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Bland's Reports, Chancery Court 1809-1832
Volume 201, Volume 2, Page 100   View pdf image (33K)
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100 BINNEY'S CASE.

A grant of the power of eminent domain is one which must be construed strictly;
it cannot be exercised for any but a public purpose; and, in general, does not
admit of any repetition. The jurisdiction of this court in regard to persons or
things not within the state; and the uncontrolled concurrent jurisdiction of the
judiciary of this state, with that of the neighbouring states, in some peculiar
cases.—The estate in a canal, being in its nature, fixed realty; though declared to
be personalty, must, nevertheless, be governed by the law of the state in which the
canal is,—The termination of a canal at the tide in a certain district, must mean at
a convenient port in that district.—The usage as to the termination of canals.
The difference between river and canal navigation.

No parol proof, nor any part of the proceedings of either branch of the legislature,
can be admitted to explain the language of an act of Assembly j except as to pri-
vate acts, in which there may be a latent ambiguity.

On the 22d of June, 1829, Amos Binney, of Boston, in Massa-
chusetts, filed this bill against The President and Directors of the
Chesapeake and Ohio Canal Company and Isaac .McCord, praying
for an injunction to prohibit the doing of certain acts, which, he
alleged, would be greatly and irreparably injurious to his rights and
property—and, on the same day, an injunction was granted as
prayed; with leave to the defendants to move for its dissolution, at
any time after filing their answers; on giving to the plaintiff, or his
solicitor, ten days notice thereof. Upon which an injunction was
issued accordingly*

On the 15th of July, 1829, the plaintiff filed his petition, in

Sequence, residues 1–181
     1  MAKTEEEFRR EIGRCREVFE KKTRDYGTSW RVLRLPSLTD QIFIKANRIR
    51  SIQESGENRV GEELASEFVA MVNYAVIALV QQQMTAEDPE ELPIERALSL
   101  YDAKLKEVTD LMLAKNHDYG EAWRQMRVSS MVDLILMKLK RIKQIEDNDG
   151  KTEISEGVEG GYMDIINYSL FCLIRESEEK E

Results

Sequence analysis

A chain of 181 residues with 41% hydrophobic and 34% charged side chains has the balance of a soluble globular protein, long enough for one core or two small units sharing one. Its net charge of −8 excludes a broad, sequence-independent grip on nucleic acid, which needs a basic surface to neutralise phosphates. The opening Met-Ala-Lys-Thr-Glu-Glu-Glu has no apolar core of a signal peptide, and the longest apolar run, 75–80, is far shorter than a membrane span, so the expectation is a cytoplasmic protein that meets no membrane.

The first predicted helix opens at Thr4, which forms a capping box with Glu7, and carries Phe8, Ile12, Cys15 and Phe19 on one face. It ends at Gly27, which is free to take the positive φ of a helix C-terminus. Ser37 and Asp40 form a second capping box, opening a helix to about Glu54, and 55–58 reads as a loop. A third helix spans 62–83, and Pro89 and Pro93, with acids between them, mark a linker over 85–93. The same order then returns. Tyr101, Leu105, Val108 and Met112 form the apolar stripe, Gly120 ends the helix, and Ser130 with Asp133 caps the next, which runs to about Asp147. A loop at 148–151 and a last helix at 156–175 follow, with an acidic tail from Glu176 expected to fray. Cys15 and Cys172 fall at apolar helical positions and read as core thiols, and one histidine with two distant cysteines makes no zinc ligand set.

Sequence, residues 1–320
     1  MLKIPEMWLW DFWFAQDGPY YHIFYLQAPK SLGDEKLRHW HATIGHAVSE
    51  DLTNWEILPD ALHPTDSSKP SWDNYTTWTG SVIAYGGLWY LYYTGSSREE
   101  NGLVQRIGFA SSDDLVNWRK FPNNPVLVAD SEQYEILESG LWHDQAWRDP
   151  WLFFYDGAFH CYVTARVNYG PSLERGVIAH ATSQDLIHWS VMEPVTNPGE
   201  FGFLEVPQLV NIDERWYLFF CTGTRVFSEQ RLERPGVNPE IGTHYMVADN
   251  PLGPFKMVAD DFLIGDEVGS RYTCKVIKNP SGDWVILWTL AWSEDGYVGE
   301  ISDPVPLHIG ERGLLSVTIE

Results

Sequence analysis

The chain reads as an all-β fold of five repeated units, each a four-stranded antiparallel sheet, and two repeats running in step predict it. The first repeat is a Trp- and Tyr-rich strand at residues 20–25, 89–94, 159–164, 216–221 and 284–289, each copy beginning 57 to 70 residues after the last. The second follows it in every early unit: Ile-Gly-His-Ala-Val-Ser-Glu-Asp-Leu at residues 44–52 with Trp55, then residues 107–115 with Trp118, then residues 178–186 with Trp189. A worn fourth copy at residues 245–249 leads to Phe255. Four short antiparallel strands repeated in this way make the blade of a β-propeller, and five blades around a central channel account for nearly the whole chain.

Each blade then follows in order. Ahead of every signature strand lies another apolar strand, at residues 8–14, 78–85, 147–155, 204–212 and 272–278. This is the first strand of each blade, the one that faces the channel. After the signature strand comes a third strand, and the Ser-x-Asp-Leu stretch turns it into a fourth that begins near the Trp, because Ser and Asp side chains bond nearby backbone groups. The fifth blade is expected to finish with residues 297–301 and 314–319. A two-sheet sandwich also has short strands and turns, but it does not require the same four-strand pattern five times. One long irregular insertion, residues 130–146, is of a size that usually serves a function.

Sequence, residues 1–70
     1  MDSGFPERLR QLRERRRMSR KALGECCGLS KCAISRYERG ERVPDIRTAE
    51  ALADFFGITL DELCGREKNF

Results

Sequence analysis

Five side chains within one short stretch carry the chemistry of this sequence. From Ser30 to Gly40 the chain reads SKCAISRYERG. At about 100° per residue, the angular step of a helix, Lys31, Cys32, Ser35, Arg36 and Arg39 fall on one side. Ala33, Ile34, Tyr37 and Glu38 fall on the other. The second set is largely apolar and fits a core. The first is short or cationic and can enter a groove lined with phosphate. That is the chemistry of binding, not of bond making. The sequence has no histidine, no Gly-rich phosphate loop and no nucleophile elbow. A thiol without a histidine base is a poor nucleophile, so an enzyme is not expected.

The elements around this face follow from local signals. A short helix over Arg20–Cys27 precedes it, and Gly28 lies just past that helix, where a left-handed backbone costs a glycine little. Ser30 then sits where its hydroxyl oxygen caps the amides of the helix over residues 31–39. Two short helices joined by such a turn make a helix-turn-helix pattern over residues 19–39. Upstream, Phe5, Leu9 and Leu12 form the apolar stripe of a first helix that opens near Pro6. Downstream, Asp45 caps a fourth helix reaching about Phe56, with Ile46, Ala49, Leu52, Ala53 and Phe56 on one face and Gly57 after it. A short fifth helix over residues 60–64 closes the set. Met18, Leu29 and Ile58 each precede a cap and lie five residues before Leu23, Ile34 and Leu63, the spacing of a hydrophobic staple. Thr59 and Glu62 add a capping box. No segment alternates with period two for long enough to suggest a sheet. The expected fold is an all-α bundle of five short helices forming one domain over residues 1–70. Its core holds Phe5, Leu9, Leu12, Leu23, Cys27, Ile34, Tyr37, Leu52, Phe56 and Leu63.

which he stated, that the injunction after having been served, had
been disobeyed by the defendants—whereupon he prayed an attach-
ment, upon which, on the same day, writs of attachment were
ordered, and issued returnable forthwith. On the 21st of the same
month, the defendant McCord and John Martineau were brought
before the court under the attachment; when on recurring to the
petition, and its exhibits, it appeared, that there was, in fact, no
allegation of Martineau's having violated the injunction; nor any
prayer for an attachment against him—upon which it was moved,
that he might be immediately discharged—and he was discharged
accordingly; and the attachment quashed, as to him, with costs—
the court being then particularly engaged, it was agreed, that the
matter of the attachment against McCord should lay over, with an
understanding, that he should be permitted to go at large until called
for; but not to be considered as discharged from the process.

After which, some of the defendants filed their answers; and
gave notice of a motion to dissolve the injunction; which motion
was accordingly called up as being ready for hearing on the 8th of
August, 1829; and the plaintiff's solicitor admitted notice—but

 

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Bland's Reports, Chancery Court 1809-1832
Volume 201, Volume 2, Page 100   View pdf image (33K)
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